In addition to these possible allusions to the celebration of the sacrament, there are two passage in the book of Revelation that likely refer to the sharing of this meal (cf. Rev. 3:20; 19:1–8). In the first of these passages, Christ appears to allude to the Supper as a means of fellowship with Himself, when He warns the church in Laodicea that its lukewarmness and self-satisfaction may require the discipline of the withdrawal of table fellowship. The second passage speaks of “the marriage feast of the Lamb,” which will be the eschatological fulfillment of the Lord’s Supper as a meal of remembrance and hope for a future, more immediate fellowship with Christ at His return.
Though none of these first two kinds of passages addresses directly who may rightly receive the body and blood of the Lord in the sacrament, there are two New Testament passages that do speak more directly to this question. For our purpose, these two passages constitute the third and fourth kinds of New Testament texts. The first of these passages is the extended discourse in John 6, which describes what it means to eat the body and drink the blood of Christ. Although this passage does not explicitly speak of the sacrament of the Lord’s Supper, it is has traditionally been regarded as the passage in the Gospel of John that alludes to the sacrament and its spiritual significance. Because this passage provides a general account of what it means to participate by faith in Christ, it has implications for any sacramental participation in Christ and His saving work.
The second of these passages is 1 Corinthians 11:17–34 (in the context of 1 Cor. 10:14–22), which offers the most extended New Testament discussion of the meaning of the sacrament of the Lord’s Supper and what is required of those who participate in Christ by means of the sacramental bread and wine. Since this passage has always played a principal role in the biblical argument for only admitting professing believers to the Lord’s Supper, it constitutes the most important piece of New Testament evidence that is relevant to the debate regarding paedocommunion.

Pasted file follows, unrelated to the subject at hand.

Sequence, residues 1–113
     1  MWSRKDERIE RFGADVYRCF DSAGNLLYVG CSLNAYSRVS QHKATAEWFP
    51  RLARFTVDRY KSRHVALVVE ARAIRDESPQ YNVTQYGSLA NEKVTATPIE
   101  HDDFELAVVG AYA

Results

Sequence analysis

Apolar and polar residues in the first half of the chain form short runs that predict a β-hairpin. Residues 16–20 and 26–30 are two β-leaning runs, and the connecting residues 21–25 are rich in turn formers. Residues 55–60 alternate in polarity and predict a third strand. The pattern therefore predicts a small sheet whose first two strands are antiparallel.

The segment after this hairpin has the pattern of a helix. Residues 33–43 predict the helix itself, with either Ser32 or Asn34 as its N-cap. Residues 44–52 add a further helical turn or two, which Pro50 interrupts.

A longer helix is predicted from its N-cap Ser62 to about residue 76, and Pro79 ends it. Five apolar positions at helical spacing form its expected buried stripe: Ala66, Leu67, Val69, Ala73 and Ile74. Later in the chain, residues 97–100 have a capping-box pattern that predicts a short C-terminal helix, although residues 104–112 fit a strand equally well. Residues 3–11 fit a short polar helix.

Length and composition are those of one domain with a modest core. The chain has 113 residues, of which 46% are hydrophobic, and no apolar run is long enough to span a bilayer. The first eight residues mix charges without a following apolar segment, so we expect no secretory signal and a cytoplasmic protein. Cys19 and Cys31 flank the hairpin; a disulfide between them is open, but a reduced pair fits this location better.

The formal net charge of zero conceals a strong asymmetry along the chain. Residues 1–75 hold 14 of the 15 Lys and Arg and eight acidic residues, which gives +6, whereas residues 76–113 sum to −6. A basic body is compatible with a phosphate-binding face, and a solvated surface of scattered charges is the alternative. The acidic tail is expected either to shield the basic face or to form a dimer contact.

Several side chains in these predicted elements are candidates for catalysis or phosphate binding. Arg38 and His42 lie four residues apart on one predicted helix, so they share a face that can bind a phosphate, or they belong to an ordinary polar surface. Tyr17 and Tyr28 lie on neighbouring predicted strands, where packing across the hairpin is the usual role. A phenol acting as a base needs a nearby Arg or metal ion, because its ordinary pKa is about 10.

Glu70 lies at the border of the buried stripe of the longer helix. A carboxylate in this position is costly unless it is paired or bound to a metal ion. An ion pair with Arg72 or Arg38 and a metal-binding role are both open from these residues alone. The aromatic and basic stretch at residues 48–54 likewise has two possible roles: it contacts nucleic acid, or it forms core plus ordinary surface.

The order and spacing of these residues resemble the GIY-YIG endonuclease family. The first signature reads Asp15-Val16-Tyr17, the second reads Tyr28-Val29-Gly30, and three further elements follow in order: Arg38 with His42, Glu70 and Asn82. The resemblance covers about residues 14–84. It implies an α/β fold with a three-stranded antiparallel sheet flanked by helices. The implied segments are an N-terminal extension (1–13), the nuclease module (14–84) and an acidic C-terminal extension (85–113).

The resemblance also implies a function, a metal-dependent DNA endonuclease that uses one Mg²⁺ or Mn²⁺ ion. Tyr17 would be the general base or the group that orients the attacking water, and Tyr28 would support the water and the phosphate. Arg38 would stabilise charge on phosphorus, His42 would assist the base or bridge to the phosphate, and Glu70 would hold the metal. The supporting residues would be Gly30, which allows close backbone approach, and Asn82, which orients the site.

This brief survey of the New Testament passages that address the subject of the Lord’s Supper illustrates the relative paucity of evidence for determining who are properly to be admitted to the sacrament. Though we shall see that there are several implications in these passages for the issue of who should be received at the Table of the Lord, an answer to the specific question posed by advocates of paedocommunion is not explicitly provided in any of these passages. As we consider these passages and their implications for the question of paedocommunion, it will become evident that a final resolution of the debate can only be achieved upon the basis of an argument that considers general features of the New Testament doctrine of the Lord’s Supper and its relation to the Word of the gospel.
In next month’s article, we will begin our examination of the New Testament evidence by considering what we can learn about the sacrament of the Lord’s Supper and its proper reception from the Gospel accounts of the institution of the Lord’s Supper. In subsequent articles, we will take up the question of the Lord’s Supper and its relation to the Old Testament Passover, as well as the important testimony of John 6 and 1 Corinthians 11 regarding the manner in which believers should sacramentally participate in Christ’s body and blood.
Dr. Cornelis Venema is the President of the Mid-America Reformed Seminary. He also serves a contributing editor of The Outlook.